Barletta says there's no ban on recording public forums
U.S. Representative Lou Barletta has explained the policy about the recording of his public forums. There is no ban on recording public forums held by Barletta. There has never been a ban on recording public forums held by Barletta, according to a press release from the Congressman.
On May 19, Barletta met privately with residents in Salem Township, Luzerne County. That meeting was intended to be a private meeting to discuss the residents' concerns, including those about new flood maps issued by the Federal Emergency Management Agency.
A few days before the meeting, activist group MoveOn.org learned about the private meeting and publicized it on its Web site and encouraged its members to attend. Previously, MoveOn.org had mobilized its members to disrupt Barletta's public "Home to House" forums. Activists became so disruptive that police escorted them from the forum.
Because this was a private meeting, those without media credentials were not allowed to record the session. Members of the media were allowed to attend and record the session because one media outlet had previously reported that the session would take place.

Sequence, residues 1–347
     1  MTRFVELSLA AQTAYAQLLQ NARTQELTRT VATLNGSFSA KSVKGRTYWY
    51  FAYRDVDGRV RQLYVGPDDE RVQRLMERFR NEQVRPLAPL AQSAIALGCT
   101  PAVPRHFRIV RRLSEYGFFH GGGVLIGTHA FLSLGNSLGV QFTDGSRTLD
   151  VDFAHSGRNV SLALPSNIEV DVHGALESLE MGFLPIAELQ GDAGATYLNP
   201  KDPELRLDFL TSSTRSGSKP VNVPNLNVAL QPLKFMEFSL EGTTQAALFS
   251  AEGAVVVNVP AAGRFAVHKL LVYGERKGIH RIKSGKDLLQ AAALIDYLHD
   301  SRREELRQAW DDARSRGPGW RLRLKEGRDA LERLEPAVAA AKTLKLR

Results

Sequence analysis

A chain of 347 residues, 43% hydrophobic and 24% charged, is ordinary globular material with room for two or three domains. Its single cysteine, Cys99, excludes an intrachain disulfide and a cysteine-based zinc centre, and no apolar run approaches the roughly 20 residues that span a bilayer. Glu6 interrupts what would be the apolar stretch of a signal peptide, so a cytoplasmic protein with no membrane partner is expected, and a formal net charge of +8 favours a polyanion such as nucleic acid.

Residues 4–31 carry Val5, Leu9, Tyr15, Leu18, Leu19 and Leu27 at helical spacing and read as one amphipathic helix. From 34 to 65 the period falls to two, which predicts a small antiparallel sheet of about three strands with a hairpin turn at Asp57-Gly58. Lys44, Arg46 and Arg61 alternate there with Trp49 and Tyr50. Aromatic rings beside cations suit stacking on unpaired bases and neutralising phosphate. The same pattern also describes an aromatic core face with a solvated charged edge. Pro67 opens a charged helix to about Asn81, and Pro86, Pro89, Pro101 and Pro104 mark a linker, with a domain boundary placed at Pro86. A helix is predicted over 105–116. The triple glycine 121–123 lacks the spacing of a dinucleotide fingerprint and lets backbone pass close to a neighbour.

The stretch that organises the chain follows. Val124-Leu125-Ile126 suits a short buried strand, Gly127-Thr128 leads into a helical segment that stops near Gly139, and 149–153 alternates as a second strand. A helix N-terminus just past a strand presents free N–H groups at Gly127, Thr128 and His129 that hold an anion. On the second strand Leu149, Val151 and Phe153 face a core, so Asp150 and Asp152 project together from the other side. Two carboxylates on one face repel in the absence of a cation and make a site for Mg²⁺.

The meeting in Salem Township was not a public forum. It was not advertised as such by Barletta's office. No press releases were issued. No constituent phone calls (robocalls) were made by Barletta's office. No social networking (Facebook, Twitter, etc.) was used to promote it. All of those methods are used to promote Barletta's public forums.
None of those methods were used in the case of the Salem Township meeting because the meeting in Salem Township was not a public forum. It was a private meeting with residents.
"People have been following me with cameras for years, so I have no problem with people recording my Home to House public forums. I have never banned cameras from my public meetings," Barletta said. "I encourage people to attend my public forums and learn about what's going on in Washington, and to offer their comments and input that I can take back to Congress with me."